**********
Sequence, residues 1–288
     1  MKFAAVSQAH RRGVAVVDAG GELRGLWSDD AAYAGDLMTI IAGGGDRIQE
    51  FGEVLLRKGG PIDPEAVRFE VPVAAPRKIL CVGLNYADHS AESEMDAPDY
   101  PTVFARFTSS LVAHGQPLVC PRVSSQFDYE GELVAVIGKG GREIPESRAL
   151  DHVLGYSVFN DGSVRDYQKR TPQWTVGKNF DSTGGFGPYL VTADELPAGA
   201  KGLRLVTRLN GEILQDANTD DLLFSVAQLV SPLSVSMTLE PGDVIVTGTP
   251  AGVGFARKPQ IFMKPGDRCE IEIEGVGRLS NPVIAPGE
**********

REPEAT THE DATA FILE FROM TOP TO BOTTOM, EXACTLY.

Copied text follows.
Sequence, residues 1–288
     1  MKFAAVSQAH RRGVAVVDAG GELRGLWSDD AAYAGDLMTI IAGGGDRIQE
    51  FGEVLLRKGG PIDPEAVRFE VPVAAPRKIL CVGLNYADHS AESEMDAPDY
   101  PTVFARFTSS LVAHGQPLVC PRVSSQFDYE GELVAVIGKG GREIPESRAL
   151  DHVLGYSVFN DGSVRDYQKR TPQWTVGKNF DSTGGFGPYL VTADELPAGA
   201  KGLRLVTRLN GEILQDANTD DLLFSVAQLV SPLSVSMTLE PGDVIVTGTP
   251  AGVGFARKPQ IFMKPGDRCE IEIEGVGRLS NPVIAPGE